Independent Executive Directors: How Distraction Affects Their Advisory and Monitoring Roles

53 Pages Posted: 5 Apr 2017 Last revised: 23 Feb 2019

See all articles by Luke C.D. Stein

Luke C.D. Stein

Arizona State University (ASU) - Finance Department

Hong Zhao

NEOMA Business School

Date Written: February 2019

Abstract

Active corporate executives are a popular source of independent directors. Although their knowledge, expertise, and network can bring value to firms on whose boards they sit, independent executive directors may be more likely to be distracted than other directors due to their outside executive roles. Using newly constructed data linking independent directors to their employers, we identify periods when employers’ poor performance may distract them from board service. We find that firms with distracted independent executive directors have lower performance and value, higher CEO compensation, reduced CEO turnover–performance sensitivity, lower earnings quality, and lower M&A performance. These adverse effects are mainly driven by distracted directors who sit on relevant committees, and are stronger for small boards.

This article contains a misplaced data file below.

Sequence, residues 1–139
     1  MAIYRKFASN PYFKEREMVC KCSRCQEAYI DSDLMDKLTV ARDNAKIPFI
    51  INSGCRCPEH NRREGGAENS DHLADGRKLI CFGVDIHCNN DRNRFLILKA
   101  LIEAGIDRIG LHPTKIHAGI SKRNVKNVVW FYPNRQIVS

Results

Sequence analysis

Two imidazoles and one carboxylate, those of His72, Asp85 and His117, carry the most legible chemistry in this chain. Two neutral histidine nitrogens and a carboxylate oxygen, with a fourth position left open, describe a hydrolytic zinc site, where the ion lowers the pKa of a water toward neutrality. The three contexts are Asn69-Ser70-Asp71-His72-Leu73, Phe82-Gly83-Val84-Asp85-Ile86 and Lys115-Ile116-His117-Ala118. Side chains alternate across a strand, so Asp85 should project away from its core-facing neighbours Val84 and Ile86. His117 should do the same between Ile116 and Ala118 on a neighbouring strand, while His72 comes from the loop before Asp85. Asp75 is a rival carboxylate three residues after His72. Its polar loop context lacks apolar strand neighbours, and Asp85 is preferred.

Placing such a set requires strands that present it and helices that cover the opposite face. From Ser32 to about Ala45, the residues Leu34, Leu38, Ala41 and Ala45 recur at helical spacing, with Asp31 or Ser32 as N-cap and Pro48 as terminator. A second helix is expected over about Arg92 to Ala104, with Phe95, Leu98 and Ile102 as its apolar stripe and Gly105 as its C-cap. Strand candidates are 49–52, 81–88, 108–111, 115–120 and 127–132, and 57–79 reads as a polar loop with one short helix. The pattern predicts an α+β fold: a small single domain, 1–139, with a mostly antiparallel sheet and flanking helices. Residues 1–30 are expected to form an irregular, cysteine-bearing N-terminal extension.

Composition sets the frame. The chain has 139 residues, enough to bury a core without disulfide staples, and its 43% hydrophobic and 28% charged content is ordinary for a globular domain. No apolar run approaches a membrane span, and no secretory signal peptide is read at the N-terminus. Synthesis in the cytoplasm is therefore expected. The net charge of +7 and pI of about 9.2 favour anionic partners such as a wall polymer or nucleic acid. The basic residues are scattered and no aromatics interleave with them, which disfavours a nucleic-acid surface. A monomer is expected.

JEL Classification: G34, G32, M12, M41

Suggested Citation

Stein, Luke C.D. and Zhao, Hong, Independent Executive Directors: How Distraction Affects Their Advisory and Monitoring Roles (February 2019). Available at SSRN: https://ssrn.com/abstract=2946579 or http://dx.doi.org/10.2139/ssrn.2946579

Luke C.D. Stein (Contact Author)

Arizona State University (ASU) - Finance Department ( email )

W. P. Carey School of Business
PO Box 873906
Tempe, AZ 85287-3906
United States
480-965-9412 (Phone)
480-965-8539 (Fax)

HOME PAGE: http://www.lukestein.com

Hong Zhao

NEOMA Business School

59 Rue Pierre Taittinger
Reims, 51100
France

HOME PAGE: http://sites.google.com/site/hongzhaofinance/

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